Santa Clause sequel No. 1

Karen Schubert

“You better watch out, you better not cry, you better not pout, I’m telling you why, Santa Claus is coming to town!” Or, in our case, “The Santa Clause 2” has come to town. This sequel to the 1994 original family holiday classic opened last Friday to become last week’s top box-office hit. I won’t deny that it is a cute flick, but I will tell you not to expect it to be as great as the original.

The greatest thing about “The Santa Clause” was its originality. It was a fresh approach to the classic tale of jolly St. Nick. It was an instant holiday classic, giving perspective on how Santa managed to reach every home in a night and on the atmosphere and environment of the North Pole. But in this sequel, there is little creativity left for the producers.

The only major difference between the original and the sequel is the chronological order. In the original, Tim Allen starts as Scott Calvin and becomes Santa Claus, but the reverse occurs in the sequel. In “The Santa Clause 2,” Allen starts off as Father Christmas but heads back to the suburbs. In every scene his facial hair begins to disappear and pounds shed off until he morphs into a babe magnet for any woman over 30, since he is in search of Mrs. Claus. If he doesn’t find her within a month, he will lose his position as Santa and Christmas will no longer exist, according to the contract he accepted upon donning the red suit.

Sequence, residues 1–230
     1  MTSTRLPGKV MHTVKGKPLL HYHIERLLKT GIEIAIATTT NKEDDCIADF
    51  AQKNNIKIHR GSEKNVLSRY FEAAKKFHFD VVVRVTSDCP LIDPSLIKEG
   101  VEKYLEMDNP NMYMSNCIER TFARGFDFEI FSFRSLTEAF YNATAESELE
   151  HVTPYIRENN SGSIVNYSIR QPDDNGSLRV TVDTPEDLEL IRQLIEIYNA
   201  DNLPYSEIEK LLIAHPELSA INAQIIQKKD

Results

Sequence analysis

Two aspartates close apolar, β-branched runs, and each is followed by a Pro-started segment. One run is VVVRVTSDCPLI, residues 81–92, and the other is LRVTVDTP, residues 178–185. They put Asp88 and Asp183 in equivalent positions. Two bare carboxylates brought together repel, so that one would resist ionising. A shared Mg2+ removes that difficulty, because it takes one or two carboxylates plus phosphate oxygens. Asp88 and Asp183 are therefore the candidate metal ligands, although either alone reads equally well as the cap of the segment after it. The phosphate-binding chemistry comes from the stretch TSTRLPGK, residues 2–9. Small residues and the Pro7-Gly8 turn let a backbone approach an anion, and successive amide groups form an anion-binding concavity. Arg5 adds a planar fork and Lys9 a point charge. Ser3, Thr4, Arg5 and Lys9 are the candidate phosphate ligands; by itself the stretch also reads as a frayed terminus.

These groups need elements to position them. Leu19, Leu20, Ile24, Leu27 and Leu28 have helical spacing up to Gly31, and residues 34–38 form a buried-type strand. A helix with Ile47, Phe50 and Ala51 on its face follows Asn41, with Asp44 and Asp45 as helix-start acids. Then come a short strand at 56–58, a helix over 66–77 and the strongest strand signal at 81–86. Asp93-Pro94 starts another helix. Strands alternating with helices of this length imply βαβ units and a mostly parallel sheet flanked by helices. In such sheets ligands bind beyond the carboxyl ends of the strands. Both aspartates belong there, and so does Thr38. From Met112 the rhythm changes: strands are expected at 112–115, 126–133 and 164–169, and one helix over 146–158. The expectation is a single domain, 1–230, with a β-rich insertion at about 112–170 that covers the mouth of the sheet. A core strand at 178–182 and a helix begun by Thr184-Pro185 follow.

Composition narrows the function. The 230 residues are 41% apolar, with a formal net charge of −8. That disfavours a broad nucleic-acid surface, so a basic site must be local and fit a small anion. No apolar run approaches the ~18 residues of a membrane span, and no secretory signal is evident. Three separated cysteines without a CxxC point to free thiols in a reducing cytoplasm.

The best thing the movie does is include all the same actors as the original. Allen makes a great Santa Claus, but no sequel works unless the entire cast is the same as well. Eric Lloyd stars as Santa’s son Charlie, eight years old in the original, now a teenager on Santa’s naughty list. Wendy Crewson returns as Santa’s ex-wife, and Judge Reinhold as her psychiatrist husband. David Krumholtz appears to have hardly aged at all as he returns playing the same great head-elf Bernard.

The council meeting Santa holds with the Easter Bunny, Mother Nature, the Tooth Fairy, Cupid and Father Time is a creative attempt to show the link that the fairy tale creatures have to one another. Another clever addition is Chet, Santa’s reindeer-in-training. The sequel gives hilarious personality to the reindeer.

While this movie can’t even touch the greatness of the original it is still worth seeing to put you in the holiday mood. There are so few quality Christmas movies every year that it is worth the time just to bring some cheer to the season.